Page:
Five months ago, a couple of red rashes that were warm to the touch appeared on the top part of my cheeks that was later diagnosed as severe contact dermatitis. For about six weeks, I put 1% hydrocortisone on my face and an array of moisturizers. My cheeks would improve only to have the rash come right back.
After these six weeks, I saw the dermatologist that diagnosed me. By this time, my cheeks were bright red and burning. I was then given hydrocortisone 2.5% for two weeks and was told to use Vanicream lotion. As I began to use the hydrocortisone, my facial burning intensified, but my redness decreased. I was then switched to Desonide ointment for about five days, but the intense burning only continued. After that, I was given Elidel, Pandel, and even Hylira. These also caused my face to burn almost unbearably. So, I was then given a Celestone injection and Prednisone, which I had to stop after a few days due to side effects.
After all this, I stopped using any of these steroids or lotions. I am washing my face with water and only applying powder makeup on very rare occasions (once or twice a month). I also use wet compresses when my face begins to burn. The burning and feelings of warmth have decreased, but I still deal with these sensations on a daily basis. Furthermore, everything seems to irritate my skin and leads to increased burning and sometimes itching. I know have a pink background to my cheeks that turns red with heat or the simple act of washing my face. Dermatologists have called it sensitive skin syndrome, angry face syndrome, eczema, or possibly rosacea. All I know is that my face is very irritated, sore, and appears dry and flaky in places.
I do have a history of sensitive skin and occasional rashes. Right now, I have a rash on my wrist, breast, and elbow. So, I would say that I probably do have eczema. However, I am starting to think that the burning I am experiencing has to do with 2-3 months worth of steroids on my face.
Could this be causing these daily bouts of burning sensations?
Will my skin ever return to normal?
Is it alright to use cool wet compresses on my cheeks or am I only drying my face out?
To me it doesn't make sense to switch from one cortisone to another, as you've been advised to do. If you had facial eczema, any of the cortisones you've used would have cleared you up in a couple of days, at least for a period of time. I think you may have a form of steroid rosacea. If so, you ought to avoid any form of cortisone and apply an antibiotic cream like metronidazole as well as an oral antibiotic like doxycycline. If you do, your face will probably flare up for a while, but that's just part of the healing process. If you fight through that, your face should return completely to normal. Talk to your dermatologist about this.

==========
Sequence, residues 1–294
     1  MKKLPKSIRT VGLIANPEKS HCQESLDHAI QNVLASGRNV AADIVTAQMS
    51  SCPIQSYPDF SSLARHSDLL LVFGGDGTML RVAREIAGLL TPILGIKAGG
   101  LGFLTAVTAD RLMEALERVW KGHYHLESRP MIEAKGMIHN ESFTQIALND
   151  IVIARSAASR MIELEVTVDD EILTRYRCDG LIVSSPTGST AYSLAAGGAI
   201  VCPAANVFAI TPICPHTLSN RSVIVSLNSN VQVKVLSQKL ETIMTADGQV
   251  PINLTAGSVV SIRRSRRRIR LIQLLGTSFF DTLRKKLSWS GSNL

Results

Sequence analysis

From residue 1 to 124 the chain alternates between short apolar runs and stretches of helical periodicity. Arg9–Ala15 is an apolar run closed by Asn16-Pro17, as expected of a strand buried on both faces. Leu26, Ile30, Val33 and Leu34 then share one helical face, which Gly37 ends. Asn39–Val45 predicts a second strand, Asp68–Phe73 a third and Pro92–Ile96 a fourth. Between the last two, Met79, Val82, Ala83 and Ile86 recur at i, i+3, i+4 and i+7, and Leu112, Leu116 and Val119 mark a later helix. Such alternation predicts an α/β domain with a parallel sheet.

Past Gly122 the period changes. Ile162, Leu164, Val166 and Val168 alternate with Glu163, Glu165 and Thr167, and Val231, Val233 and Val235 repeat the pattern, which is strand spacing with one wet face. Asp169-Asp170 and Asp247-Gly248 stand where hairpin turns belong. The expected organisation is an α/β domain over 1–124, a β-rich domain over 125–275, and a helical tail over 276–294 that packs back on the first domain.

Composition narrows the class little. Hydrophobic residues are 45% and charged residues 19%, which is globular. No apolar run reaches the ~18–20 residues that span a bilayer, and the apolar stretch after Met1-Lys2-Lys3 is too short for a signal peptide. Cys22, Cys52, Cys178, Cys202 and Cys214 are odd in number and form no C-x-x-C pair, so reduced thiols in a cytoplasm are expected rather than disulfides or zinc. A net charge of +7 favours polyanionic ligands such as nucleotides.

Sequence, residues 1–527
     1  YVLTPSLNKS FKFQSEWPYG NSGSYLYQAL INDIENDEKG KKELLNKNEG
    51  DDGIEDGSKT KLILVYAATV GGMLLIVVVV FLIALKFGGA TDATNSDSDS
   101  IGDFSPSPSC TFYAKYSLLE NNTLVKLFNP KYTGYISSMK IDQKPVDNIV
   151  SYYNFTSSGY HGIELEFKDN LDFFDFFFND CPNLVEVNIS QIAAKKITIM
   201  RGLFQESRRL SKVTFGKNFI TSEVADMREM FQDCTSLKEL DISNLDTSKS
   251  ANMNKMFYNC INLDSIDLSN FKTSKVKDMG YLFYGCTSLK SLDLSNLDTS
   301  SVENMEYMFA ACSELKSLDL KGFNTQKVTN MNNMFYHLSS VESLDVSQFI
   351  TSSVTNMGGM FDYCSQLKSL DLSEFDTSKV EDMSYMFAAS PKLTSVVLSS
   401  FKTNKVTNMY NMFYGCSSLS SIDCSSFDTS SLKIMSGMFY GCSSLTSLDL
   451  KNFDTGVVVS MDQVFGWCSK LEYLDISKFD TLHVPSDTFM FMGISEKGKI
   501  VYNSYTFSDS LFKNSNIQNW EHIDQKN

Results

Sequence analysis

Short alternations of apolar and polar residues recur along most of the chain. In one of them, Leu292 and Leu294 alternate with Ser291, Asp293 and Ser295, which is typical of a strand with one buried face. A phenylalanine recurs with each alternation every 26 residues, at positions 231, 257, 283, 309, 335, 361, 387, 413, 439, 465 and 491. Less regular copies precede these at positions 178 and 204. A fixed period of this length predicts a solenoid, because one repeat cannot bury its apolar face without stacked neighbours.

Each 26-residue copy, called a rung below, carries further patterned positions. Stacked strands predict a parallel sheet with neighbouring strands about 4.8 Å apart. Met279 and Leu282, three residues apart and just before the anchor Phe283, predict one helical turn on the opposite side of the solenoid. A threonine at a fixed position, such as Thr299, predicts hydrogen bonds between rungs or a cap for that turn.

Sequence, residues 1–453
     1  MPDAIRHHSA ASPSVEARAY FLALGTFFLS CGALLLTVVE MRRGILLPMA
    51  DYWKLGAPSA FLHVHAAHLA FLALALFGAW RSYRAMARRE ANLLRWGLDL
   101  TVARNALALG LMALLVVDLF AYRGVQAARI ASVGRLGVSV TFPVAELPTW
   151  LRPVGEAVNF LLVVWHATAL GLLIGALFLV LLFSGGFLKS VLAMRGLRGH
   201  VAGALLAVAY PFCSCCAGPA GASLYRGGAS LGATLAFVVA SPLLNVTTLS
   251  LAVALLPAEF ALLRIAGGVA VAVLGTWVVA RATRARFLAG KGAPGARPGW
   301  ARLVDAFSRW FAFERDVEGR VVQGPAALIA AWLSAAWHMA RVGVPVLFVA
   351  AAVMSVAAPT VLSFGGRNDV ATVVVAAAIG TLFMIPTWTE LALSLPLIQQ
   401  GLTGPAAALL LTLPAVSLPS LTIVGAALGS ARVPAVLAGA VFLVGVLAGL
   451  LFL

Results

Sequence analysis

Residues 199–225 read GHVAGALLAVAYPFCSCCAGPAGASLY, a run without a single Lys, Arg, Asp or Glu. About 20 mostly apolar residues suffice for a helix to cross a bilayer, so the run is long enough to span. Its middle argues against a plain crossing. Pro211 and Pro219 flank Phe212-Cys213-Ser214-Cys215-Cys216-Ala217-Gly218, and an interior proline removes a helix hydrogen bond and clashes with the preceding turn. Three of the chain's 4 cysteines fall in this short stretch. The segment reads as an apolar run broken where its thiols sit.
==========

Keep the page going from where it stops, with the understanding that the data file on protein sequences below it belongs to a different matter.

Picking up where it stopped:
There is a risk with some medications that they may aggrievate the condition at the start of the treatment, but this and other side effects usually wear off as your body gets used to the treatment, so give them a chance before switching brands. You can't use hydorcortisone frequently on your face as it causes skin thinning. I would use Eucerin Redness Relief Cleanser or Lutsine Hydrafnia gentle cleanser. There are other types of anti-histamines that you shouldn't get side effects from such as Clarityn. It has no known interactions or expected problems from prolonged use. the drug name is Loratidine in case it is not called Clarityn where you live. loiloi x
I've been suffering from Rosacea-like red face for 15 years. Corticosteroids do the same to me. Avoiding hot and spicy foods gives some relief from burning. Anti-Histamines only reduce redness to some extent. Unfortunately, after all those years of suffering and countless visits to doctors, I'm as helpless about this problem as you are.
Now I am looking for a way to cover it up with cosmetics. I'm not sure if there are any skin colored cosmetics for men.
Copyright 1994-2016MedHelp International.All rights reserved. MedHelp is a division of Aptus Health.
The Content on this Site is presented in a summary fashion, and is intended to be used for educational and entertainment purposes only. It is not intended to be and should not be interpreted as medical advice or a diagnosis of any health or fitness problem, condition or disease; or a recommendation for a specific test, doctor, care provider, procedure, treatment plan, product, or course of action. Med Help International, Inc. is not a medical or healthcare provider and your use of this Site does not create a doctor / patient relationship. We disclaim all responsibility for the professional qualifications and licensing of, and services provided by, any physician or other health providers posting on or otherwise referred to on this Site and/or any Third Party Site. Never disregard the medical advice of your physician or health professional, or delay in seeking such advice, because of something you read on this Site. We offer this Site AS IS and without any warranties. By using this Site you agree to the following Terms and Conditions. If you think you may have a medical emergency, call your physician or 911 immediately.